Hardship fund hits hard times

Malcolm Ross

 

Discretionary funds have reached a “critical” level as some universities have run out of the hardship finance.

Universities have run out of crisis funds to help those struggling to find enough money to continue their courses, with academic performance now being taken into account when applying for help.

 

Edinburgh Napier University has seen an increase of 28 per cent in applications from students, compared with last year, and it predicts it will run out of money before the next discretionary funds are handed out.

Napier staff are advising students to try renegotiating debts, as they cannot help all those going to them for aid.

 

Professor Joan Stringer, the principal, said: “It is becoming increasingly apparent that many of those fortunate enough to have a part-time job are having their hours or shifts significantly cut and many others are struggling to find any part-time work.”

Stringer continued: “We are also finding many students’ parents are no longer able to provide the level of help previously afforded, due to, for example, loss of their own employment, less work available to the self-employed and loss of income from savings.”

She added: “In order to most efficiently manage the remaining discretionary funds, applicants are being advised, where possible, to negotiate suitable repayment plans for any outstanding bills, particularly utility bills, and to rearrange any existing debt or loan repayments.”

 

About £16 million was distributed by the Scottish Government in higher education discretionary funds for 2008-9 – an 8 per cent increase on 2007-8. But already this year, universities in real difficulty have gone back with demands totalling £882,500 to cope with urgent student appeals for help.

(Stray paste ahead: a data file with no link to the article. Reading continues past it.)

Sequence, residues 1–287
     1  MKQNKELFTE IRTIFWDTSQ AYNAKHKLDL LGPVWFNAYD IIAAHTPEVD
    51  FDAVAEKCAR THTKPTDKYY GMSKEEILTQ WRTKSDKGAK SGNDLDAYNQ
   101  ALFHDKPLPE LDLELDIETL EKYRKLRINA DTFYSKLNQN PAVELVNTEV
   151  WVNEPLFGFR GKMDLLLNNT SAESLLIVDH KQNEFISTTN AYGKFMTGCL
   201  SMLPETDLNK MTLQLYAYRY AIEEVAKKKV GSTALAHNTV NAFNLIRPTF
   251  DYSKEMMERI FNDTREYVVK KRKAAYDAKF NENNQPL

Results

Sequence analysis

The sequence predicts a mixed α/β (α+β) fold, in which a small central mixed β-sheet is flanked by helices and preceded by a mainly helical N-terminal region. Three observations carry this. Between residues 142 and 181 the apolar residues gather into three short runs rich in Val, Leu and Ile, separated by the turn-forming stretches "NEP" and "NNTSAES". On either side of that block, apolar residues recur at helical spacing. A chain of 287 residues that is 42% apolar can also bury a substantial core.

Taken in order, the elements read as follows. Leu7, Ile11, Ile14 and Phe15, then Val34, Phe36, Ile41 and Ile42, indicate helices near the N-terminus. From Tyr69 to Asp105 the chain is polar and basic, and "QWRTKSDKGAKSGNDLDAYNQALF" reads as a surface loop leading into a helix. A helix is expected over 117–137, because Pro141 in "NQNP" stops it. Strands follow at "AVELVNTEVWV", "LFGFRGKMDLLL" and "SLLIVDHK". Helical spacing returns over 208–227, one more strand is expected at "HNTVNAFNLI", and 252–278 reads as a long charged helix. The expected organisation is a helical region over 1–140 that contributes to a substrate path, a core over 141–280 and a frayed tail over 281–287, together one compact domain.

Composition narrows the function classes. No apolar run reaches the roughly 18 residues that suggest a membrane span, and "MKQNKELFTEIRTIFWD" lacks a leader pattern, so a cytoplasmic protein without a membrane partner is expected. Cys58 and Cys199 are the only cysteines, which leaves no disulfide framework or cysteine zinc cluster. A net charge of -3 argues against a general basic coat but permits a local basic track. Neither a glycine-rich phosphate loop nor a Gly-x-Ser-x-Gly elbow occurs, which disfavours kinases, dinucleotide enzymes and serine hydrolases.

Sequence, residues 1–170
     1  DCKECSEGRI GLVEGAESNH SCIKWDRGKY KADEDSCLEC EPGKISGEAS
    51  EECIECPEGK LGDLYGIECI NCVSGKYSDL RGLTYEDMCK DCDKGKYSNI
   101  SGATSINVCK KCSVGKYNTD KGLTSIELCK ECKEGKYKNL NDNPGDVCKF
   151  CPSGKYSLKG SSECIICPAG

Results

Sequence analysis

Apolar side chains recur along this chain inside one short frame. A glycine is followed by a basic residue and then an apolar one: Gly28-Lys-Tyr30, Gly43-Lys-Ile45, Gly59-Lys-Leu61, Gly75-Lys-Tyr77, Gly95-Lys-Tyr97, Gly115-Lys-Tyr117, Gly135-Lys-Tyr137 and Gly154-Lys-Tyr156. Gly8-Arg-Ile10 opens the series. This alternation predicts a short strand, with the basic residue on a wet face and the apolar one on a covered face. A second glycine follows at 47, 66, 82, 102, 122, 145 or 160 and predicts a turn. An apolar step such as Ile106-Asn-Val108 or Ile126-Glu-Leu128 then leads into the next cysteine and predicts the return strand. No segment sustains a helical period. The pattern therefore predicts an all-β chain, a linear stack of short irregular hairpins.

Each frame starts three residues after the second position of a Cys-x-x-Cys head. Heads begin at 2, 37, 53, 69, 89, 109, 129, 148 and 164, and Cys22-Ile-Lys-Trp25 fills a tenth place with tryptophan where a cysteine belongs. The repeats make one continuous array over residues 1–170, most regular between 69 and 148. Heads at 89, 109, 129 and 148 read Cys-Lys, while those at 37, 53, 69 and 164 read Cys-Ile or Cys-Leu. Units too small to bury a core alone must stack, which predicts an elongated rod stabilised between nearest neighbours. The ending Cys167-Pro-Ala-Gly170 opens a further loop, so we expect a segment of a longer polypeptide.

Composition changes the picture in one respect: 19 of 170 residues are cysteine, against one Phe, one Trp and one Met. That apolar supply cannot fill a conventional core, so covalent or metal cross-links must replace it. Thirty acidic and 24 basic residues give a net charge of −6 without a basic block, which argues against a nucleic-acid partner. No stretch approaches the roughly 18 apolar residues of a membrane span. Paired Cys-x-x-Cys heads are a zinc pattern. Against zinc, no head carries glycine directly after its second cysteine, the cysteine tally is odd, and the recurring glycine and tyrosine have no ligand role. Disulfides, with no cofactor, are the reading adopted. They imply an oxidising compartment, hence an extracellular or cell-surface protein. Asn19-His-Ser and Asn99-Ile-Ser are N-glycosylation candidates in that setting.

Abertay University in Dundee has already seen its hardship fund run out twice this year, despite receiving extra cash from the Student Award Agency for Scotland (SAAS), which provides maintenance grants.

It ran out of money before Christmas and asked the SAAS for £40,000 extra. It received only £23,272 last month, and this has already been exhausted.

Abertay has had so many pleas for support that it is “means-testing” on an academic basis.

Professor Bernard King, its principal, said: “The university is withdrawing allocated funds to those students in poor academic standing to distribute to those in most need in good academic standing. The university believes additional funds will be required to assist those students who, mid-year, fall on hard times.”

 

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